Forty-three percent of Americans would sacrifice their personal online security for faster Internet speed, according to a recent report.
The survey, conducted by SecureAuth and Wakefield Research, dives into Americans’ perceptions around Internet speed versus personal security over public Wi-Fi, and shows Americans as a whole will latch onto any Internet connection they can get even if it’s insecure.
Additionally, more than half of Americans (57 percent) have already given some sort of personal information online over public Wi-Fi. Disclosed personally identifiable information (PII) over public Wi-Fi include:
- Address (44 percent).
- Credit card number (32 percent).
- Account passwords (32 percent).
- Account passwords (29 percent).
- Social Security number (16 percent).
- Driver’s license number (15 percent).
The report also breaks down the statistics by demographics. Compared to the general public, the number of millennials that have given personal information online jumps to 78 percent. The researchers speculated the discrepancy between millennials and older respondents could be due to the fact millennials are accustomed to fast and efficient technology. And, since this age range is active on multiple social media sites, millennials may generally have fewer qualms about disclosing personal information.
Men were split fairly evenly between the choice of personal online security (51 percent) or speed (49 percent); however, significantly more women (62 percent) picked online security over speed.
The study also showed education matters, with 63 percent of college graduates answering they care about security, as opposed to the 47 percent of high school graduates.
“In [the case of using public Wi-Fi], individuals have agency in the matter: they can choose not to disclose PII over public Wi-Fi,” said Craig Lund, chief executive officer of SecureAuth. “This is especially important as we go into the summer travel season, when online behavior tends to be less business focused.”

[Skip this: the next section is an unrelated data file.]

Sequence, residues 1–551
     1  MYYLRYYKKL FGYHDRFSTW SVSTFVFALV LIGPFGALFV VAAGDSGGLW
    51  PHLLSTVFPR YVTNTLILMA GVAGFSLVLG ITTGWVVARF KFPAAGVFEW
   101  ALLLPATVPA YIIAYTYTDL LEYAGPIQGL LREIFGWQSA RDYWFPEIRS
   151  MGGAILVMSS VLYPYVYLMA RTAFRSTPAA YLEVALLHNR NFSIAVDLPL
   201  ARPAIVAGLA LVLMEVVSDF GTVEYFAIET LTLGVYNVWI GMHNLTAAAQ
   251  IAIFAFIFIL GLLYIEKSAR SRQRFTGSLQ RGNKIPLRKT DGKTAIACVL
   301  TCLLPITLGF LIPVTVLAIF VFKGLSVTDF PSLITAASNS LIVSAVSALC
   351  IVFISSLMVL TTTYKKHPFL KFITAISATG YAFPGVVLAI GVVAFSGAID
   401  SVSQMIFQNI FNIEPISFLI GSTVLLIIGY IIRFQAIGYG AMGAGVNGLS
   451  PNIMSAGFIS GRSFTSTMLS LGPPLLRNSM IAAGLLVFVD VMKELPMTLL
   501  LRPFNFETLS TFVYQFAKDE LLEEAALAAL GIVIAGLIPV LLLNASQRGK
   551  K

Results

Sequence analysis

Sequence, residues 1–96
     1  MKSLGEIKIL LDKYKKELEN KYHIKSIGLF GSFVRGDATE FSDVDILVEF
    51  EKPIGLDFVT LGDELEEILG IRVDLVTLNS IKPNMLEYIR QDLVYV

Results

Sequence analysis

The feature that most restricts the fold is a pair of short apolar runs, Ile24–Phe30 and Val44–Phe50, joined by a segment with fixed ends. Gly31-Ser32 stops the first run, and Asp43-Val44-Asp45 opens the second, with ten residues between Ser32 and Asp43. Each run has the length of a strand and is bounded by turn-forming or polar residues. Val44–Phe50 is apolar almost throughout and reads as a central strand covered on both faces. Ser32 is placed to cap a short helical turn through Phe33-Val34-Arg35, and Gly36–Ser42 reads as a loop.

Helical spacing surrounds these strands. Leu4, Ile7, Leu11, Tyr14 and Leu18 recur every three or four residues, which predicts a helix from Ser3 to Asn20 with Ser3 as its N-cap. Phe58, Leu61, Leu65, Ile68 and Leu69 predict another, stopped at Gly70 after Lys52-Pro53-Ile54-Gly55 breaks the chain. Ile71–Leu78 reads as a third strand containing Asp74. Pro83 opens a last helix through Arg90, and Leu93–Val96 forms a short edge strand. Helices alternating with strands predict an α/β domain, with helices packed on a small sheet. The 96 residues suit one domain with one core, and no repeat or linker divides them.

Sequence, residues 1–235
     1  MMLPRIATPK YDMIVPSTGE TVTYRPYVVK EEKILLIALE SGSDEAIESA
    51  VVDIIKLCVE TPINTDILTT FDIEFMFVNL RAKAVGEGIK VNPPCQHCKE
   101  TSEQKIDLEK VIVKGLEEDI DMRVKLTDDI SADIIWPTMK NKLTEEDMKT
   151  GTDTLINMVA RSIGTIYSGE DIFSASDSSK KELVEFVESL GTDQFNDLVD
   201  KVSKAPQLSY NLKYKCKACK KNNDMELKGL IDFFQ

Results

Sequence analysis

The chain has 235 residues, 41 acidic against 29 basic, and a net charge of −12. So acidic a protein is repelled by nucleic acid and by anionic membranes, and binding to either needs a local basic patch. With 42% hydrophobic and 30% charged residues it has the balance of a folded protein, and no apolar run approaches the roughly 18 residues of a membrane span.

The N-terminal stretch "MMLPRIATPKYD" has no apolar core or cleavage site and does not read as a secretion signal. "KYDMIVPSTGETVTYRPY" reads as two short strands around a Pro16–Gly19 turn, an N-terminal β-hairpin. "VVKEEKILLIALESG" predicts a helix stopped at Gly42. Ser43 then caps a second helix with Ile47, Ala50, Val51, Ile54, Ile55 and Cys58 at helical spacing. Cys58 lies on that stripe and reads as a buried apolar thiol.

With summer breaks, vacations, and road trips around the corner, people will be looking for ways to stay connected. If you need to hop onto public Wi-Fi, cybersecurity experts recommend these tips to reduce the risk and stay secure:
Use Virtual Private Network (VPN) software
“If you still doubt a network’s security when working on publicly available Wi-Fi, travelers should always utilize a virtual private network.…A VPN creates a secure encrypted connection and tunnels traffic to a proxy server. The encrypted connection protects your personal data, thus preventing hackers from accessing your files and other sensitive information stored on your device.”–Gagan Singh, president of mobile at Avast Software
Always use HTTPS:
“There are multiple browser extensions to help you manage [configuring your Internet browser to always use HTTPS], and you can tell you are on a secure site because a green lock will show up in the address bar. This setting ensures that your data is encrypted, so even if it is intercepted you are protected.”–Cesare Garlati, chief security strategist at the prpl Foundation and co-chair of the Mobile Working Group at Cloud Security Alliance
Use the app, not the browser:
“Many locations like banks, airlines, and email have dedicated applications to access services in addition to their public websites. Mobile applications generally have their own encryption, authentication, and communicate directly to services hosted by the provider. This provides an additional layer of security through the application and makes it more difficult to ‘sniff’ the traffic for PII.”–Morey Haber, vice president of technology at BeyondTrust
And if you use an app, know your encryption:
“While it’s not a guarantee of security, there’s a difference between accessing an encrypted app and the app that sends your password in plain text. That being said, even if it’s encrypted, if it’s sensitive (i.e. bank info) and not necessary, don’t open it.”–Paul Paget, chief executive officer of Pwnie Express
Check the network’s name and login credentials before connecting:
“It’s rather simple for someone to intercept your data in a man-in-the-middle attack by first setting up a network and naming it ‘Free Wi-Fi’; ask the restaurant or airport staff what the name of their network is.”–Simon Bain, chief executive officer at SearchYourCloud